Tag Archives: Participle

Raise vs. Rise The Roof

4 Dec

I’ve always maintained that our world’s most serious problems could be solved if we would all just put aside our differences, look each other in the eyes, and do some 90’s dance moves.

I, for one, would like to be present at the press conference where President Obama announced that the White House would be addressing the current financial crisis by, “Woo, uh uh uh uh, ha ha ha ha, what what what what, ha ha ha ha, uh, na na na na na na naaa, na na na na na na, gettin’ jiggy wit’ it.  Thank you.  I will not be taking questions, unless those questions address whether I have love for the haters the haters (answer: no), whether I got floor seats at the Lakers (answer: indeed), and whether I have met Ali (answer: yes, and he informed me that I was the greatest).”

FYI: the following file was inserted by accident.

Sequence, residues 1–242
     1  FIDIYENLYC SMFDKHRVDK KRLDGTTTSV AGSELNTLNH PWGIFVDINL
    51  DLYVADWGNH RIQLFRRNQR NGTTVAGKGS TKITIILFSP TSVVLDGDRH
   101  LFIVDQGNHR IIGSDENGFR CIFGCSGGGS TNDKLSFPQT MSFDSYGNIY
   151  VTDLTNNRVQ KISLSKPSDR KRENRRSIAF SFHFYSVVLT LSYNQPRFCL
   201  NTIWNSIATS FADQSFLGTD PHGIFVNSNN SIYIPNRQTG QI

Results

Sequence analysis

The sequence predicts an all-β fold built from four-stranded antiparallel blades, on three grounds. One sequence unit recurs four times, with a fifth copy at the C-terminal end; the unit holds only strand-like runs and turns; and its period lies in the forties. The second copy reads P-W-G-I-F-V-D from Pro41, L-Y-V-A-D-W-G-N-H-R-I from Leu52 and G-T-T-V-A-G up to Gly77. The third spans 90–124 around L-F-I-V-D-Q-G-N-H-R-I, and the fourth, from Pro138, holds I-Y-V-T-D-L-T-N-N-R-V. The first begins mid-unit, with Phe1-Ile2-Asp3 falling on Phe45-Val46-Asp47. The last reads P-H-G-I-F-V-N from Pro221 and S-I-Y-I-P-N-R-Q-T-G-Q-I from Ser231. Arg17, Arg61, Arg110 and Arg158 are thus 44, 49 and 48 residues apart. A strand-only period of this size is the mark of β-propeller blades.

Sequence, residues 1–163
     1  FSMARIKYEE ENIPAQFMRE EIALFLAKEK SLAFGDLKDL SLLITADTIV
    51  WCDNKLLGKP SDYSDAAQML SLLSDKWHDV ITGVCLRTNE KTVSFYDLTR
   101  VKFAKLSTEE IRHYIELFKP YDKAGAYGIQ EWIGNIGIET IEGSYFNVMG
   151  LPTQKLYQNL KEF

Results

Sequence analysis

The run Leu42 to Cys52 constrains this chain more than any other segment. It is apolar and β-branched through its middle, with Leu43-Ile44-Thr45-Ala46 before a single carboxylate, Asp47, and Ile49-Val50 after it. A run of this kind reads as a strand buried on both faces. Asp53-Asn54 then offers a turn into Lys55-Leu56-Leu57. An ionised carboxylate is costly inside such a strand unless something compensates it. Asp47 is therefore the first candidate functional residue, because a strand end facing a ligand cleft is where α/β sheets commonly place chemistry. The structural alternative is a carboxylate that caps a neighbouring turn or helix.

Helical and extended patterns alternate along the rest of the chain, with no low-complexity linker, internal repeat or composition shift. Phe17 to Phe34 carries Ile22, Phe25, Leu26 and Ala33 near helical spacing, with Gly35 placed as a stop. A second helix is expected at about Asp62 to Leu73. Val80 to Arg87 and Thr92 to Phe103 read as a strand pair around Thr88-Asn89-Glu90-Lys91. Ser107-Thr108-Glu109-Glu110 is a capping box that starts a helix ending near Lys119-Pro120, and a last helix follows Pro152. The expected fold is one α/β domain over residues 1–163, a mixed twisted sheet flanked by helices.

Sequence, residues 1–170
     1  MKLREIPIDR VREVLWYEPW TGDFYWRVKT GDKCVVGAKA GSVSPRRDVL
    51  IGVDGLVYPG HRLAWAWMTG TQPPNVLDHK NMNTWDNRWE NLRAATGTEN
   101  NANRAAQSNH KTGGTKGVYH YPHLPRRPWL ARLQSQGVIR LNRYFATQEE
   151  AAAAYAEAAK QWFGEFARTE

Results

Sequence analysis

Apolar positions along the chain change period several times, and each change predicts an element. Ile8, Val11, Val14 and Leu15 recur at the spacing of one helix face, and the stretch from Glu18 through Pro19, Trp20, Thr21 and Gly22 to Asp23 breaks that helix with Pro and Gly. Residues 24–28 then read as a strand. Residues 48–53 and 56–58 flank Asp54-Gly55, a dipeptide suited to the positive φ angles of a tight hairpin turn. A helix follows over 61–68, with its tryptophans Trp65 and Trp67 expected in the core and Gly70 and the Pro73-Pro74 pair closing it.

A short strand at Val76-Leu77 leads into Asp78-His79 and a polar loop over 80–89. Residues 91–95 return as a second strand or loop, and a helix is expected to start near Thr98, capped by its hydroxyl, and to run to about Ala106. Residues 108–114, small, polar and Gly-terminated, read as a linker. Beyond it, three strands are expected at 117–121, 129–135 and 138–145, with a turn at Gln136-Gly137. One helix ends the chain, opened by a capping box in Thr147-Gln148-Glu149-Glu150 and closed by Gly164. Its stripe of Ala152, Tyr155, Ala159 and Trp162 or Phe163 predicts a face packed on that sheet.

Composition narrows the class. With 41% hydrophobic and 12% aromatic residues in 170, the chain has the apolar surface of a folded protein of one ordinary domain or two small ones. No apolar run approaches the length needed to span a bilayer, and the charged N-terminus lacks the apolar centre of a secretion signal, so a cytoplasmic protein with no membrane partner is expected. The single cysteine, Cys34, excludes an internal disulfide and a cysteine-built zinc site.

The 69 Boyz obviously side with First Lady Obama and her quest to end childhood obesity.  You may remember their muli-layered, thought-provoking satirical dance hit “Tootsie Roll.”  Lines like, “Cotton candy, sweet ‘n low, let me see that tootsie roll” forced us to reconsider the “gimme gimme” nature of American food consumption, all while we shook our booties to a driving beat, and, more often than not, dipped, baby, dipped.  (The latter was obviously a commentary on the destructive nature of chewing tobacco.)

Grammatically, though, the most helpful dance move of the 90’s (and a kindly nod to the Amish) is the move known simply as “raising the roof.”  If you can keep this dance move in mind, you’ll never have trouble with rise vs. raise again, all while having a simple dance move that effectively demonstrates that you want people to know that you did something awesome and need to move your arms up and down at 90 degree angles about it.